Combining AIMS with machine learning to speed up breast cancer diagnosis

Researchers from the chemistry and surgery departments at National Taiwan University in Taipei have conducted a study showing that combining an ambient ionization mass spectrometry (AIMS) approach with machine learning could speed up the diagnosis of breast cancer.

Mammography

Image Credit: Chompoo Suriyo/Shutterstock.com

The researchers say the technique could provide a cost-effective and smart point-of-care testing (POCT) approach that could be used in the clinical setting.

The team’s paper, recently published in the journal Analytical Chemistry, describes an approach that combines a paper spray ionization mass spectrometry (PSI-MS) method with field asymmetric waveform ion mobility spectrometry (FAIMS) and a machine learning model called the least absolute shrinkage and selection operator (LASSO).

The current approach

Breast cancer is a leading cause of cancer worldwide. It affects millions of women every year and early detection is essential to improving prognosis and survival.

Currently, mammography and ultrasonography are used to detected suspected breast cancer in asymptomatic women, which, if identified, is followed up with a core needle biopsy to obtain a tissue sample that can be checked under the microscope.

This involves several time-consuming processes, including having to embed, section, fix and stain the sample using hematoxylin and eosin (H&E) and histopathological analysis can take as long as up to two weeks. Having to wait a long time for results can not only be very distressing for patients but is also associated with poorer outcomes.

Developing a rapid and sensitive diagnosis tool that could be performed within minutes is necessary and may eventually be translated to routine point-of-care testing (POCT) in clinics,”

Cheng-Chih Hsu and colleagues

Improving mass spectrometry approaches

Mass spectrometry measures the mass-to-charge ratio of molecular species in samples to create a chemical “fingerprint” of samples.

Over the last ten years, ambient ionization mass spectrometry (AIMS) techniques have been developed that require only minimal sample amount and preparation and provide real-time data on sample composition - features that hold great promise for cancer diagnostics.

While the use of AIMS could reduce the time patients must wait for results, the techniques are subject to the interference that results from high ion suppression. New strategies are therefore needed that can improve their performance.

One strategy is to couple ion mobility spectrometry (IMS) and field asymmetric waveform IMS (FAIMS) with the AIMS techniques, because this enables the separation of phase ions at atmospheric pressure and significantly improves the detection of metabolites and proteins.

What did this study involve?

For the current study, the team developed a PSI-FAIMS-MS platform for the interrogation of 202 breast core needle biopsy samples and combined it with a LASSO data classification model that was built using the MS results.

This platform can be readily implemented in regular clinical examinations in hospitals. After aspirating the tissue using a core needle biopsy, clinicians simply wipe the tissue into chromatography filter paper for subsequent chemical analysis by mass spectrometry technicians,”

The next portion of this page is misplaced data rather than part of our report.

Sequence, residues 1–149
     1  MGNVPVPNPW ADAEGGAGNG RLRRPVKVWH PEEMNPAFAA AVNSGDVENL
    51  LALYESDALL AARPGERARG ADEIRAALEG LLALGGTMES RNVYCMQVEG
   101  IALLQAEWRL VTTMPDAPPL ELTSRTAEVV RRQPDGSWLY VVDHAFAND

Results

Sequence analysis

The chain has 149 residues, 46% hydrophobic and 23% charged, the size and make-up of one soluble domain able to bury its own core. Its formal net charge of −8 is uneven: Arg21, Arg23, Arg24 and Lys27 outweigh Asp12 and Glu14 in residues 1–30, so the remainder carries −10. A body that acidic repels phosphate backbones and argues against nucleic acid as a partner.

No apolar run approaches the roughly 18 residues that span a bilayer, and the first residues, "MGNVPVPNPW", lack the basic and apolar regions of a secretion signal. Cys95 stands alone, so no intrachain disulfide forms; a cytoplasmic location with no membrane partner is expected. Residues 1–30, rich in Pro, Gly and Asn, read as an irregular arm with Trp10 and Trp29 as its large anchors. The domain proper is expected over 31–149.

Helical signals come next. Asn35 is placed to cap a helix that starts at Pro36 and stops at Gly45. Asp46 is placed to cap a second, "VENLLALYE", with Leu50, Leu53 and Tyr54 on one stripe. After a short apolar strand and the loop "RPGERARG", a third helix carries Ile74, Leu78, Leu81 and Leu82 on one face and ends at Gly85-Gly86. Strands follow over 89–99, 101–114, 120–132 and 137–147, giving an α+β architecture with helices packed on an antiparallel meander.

Two tests were performed in which FAIMS conditions were optimized to enhance the signal intensities of biochemical components in benign and malignant samples (29 benign and 14 malignant in test 1; 117 benign and 42 malignant in test 2).

To validate the efficacy of the technique, the MS data were obtained under FAIMS-off and FAIMS-on conditions.

On comparing the MS data profiles for benign and malignant samples, the team found that potential cancer biomarkers could be identified. However, the large size and complexity of the datasets required informatics approaches and after testing different machine learning models, the researchers found the (LASSO) model was the best.

“Thus, in this study, we constructed a LASSO model for data classification and prediction using commercially available data science software,” they write.

The team says that compared with histopathological analysis with conventional H&E staining, which can take up to two weeks to generate a patient report, the PSI-FAIMS-MS platform provides an easy-to-operate alternative for diagnosing breast cancer that takes only minutes to produce results.

“Furthermore, the classification model built by the LASSO using the MS data performed with the accuracy of 87.5 % and could pinpoint important species related to breast cancer biochemistry,” they add.

High throughput, sensitive and accurate

The team says the proof-of-concept study shows that breast cancer can be readily diagnosed using the AIMS and machine learning combination: “The diagnostic metabolic and lipidomic features can be obtained in high throughput and sensitive manners with satisfactory predicting accuracy.”

The researchers suggest that in the future, generating a larger MS dataset from clinical samples could lead to the realization of a cost-effective solution with minimal expenditure for pathologists.

“Our results provide a direction towards fast, cheap, and smart POCT approaches that could be operated in clinics,” they conclude.

Journal reference:

Hsu C, et al. Predicting Breast Cancer by Paper Spray Ion Mobility Spectrometry Mass Spectrometry and Machine Learning. Analytical chemistry 2019 DOI: 10.1021/acs.analchem.9b03966

Sally Robertson

Written by

Sally Robertson

Sally first developed an interest in medical communications when she took on the role of Journal Development Editor for BioMed Central (BMC), after having graduated with a degree in biomedical science from Greenwich University.

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